Tag Archives: Richard J. Davidson Madison

The Emotional Life of Your Brain is the new book by Richard J. Davidson.

Richard J. Davidson is professor of Psychology and Psychiatry at the University of Wisconsin–Madison. Davidson’s research is focused on cortical and subcortical substrates of emotion and affective disorders, including depression and anxiety. Participants in imaging experiments include normal adults and young children, and those with, or at risk for, affective and anxiety disorders. Techniques used include quantitative electrophysiology, positron emission tomography and functional magnetic resonance imaging to make inferences about patterns of regional brain function. A major focus of his current work is on interactions between prefrontal cortex and the amygdala in the regulation of emotion in both normal subjects and patients with affective and anxiety disorders.

Dr. Davidson hopes to help get out the message that based on what we know about the plasticity of the brain, we can think of things like happiness and compassion as skills that are no different from learning to play a musical instrument, or training in golf or tennis. Happiness, like any skill, requires practice and time but because we know that the brain is built to change in response to mental training, it is possible to train a mind to be happy.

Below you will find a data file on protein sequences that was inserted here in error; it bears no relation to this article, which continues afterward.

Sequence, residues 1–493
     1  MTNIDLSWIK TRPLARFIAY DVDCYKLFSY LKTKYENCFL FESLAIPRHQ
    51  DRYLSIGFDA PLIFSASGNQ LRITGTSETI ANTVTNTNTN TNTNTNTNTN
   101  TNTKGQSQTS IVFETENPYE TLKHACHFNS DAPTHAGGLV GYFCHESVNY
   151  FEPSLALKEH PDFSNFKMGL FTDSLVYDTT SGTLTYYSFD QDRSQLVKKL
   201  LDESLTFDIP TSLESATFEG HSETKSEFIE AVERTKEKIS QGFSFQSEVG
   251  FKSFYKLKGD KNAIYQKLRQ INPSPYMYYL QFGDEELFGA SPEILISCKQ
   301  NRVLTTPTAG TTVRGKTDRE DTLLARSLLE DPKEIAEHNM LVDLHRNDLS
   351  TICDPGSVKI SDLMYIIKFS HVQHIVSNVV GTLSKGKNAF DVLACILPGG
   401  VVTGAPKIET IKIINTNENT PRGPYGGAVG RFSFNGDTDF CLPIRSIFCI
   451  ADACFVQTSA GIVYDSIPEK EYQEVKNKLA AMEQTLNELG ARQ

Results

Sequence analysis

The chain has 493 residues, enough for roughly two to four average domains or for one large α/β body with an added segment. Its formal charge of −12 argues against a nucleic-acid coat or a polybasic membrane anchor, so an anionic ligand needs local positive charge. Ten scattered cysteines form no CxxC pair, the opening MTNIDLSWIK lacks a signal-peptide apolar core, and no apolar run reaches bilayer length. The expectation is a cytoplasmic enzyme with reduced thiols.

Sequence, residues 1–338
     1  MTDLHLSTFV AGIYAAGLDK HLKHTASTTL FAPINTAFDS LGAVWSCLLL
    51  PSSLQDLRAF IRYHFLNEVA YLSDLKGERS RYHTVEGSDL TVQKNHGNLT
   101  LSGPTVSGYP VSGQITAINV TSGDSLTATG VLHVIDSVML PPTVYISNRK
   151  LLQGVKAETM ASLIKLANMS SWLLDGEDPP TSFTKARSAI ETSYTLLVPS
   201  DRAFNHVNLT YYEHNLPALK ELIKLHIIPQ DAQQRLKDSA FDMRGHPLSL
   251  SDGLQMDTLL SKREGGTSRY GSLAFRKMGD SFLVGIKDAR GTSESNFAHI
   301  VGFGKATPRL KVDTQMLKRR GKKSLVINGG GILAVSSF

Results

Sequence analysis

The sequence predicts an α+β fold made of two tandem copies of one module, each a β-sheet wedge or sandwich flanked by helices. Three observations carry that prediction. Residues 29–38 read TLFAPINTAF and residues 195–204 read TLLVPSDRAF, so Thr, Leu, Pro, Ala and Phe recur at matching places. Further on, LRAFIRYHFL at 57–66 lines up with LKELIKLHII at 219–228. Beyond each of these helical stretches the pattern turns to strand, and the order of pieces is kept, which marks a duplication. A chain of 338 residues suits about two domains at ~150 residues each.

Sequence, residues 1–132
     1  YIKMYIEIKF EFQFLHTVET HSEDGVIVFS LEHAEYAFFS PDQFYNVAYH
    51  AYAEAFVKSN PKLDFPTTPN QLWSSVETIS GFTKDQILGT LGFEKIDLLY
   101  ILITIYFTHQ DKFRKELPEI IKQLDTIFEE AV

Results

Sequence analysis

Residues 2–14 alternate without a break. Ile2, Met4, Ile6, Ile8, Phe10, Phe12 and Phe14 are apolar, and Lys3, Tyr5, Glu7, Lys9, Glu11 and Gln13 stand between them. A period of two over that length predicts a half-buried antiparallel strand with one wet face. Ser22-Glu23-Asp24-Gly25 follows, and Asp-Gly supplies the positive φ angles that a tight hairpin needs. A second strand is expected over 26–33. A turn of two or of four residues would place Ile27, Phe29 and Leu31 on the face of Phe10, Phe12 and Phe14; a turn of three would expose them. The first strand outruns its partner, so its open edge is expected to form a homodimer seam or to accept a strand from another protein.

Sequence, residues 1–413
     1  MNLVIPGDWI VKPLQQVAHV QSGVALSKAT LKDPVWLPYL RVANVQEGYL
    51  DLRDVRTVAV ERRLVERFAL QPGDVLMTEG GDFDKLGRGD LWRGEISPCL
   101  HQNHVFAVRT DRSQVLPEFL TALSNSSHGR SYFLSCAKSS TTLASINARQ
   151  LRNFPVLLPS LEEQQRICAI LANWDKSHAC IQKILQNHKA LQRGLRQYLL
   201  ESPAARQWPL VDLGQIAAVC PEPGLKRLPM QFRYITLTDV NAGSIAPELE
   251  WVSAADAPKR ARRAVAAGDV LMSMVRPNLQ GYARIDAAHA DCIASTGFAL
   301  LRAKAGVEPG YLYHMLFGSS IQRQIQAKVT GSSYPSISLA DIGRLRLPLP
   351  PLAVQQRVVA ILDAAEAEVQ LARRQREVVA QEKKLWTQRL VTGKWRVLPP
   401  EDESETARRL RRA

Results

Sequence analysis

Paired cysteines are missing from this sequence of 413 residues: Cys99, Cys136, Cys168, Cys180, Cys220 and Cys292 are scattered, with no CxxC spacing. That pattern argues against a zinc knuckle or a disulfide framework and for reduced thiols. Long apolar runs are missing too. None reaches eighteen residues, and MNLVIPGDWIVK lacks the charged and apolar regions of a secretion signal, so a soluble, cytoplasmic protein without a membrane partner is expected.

In Emotional Life of Your Brain, Davidson writes about the six basic emotional “styles”:
Resilience: how slowly or quickly you recover from adversity
Outlook: how long you are able to sustain positive emotion.
Social Intuition: how adept you are at picking up social signals from the people around you.
Self Awareness: How well you perceive bodily feelings that reflect emotions.
Sensitivity to Context: how good are you at regulating your emotional responses to take into account the context you find yourself in.
Attention: how sharp and clear your focus is.

Our emotional fingerprint results from where on the continuum of each style we fall. He explains the brain chemistry that underlies each style in order to give us a new model of the emotional brain, one that will even go so far as to affect the way we treat conditions like autism and depression. And, finally, he provides strategies we can use to change our own brains and emotions-if that is what we want to do.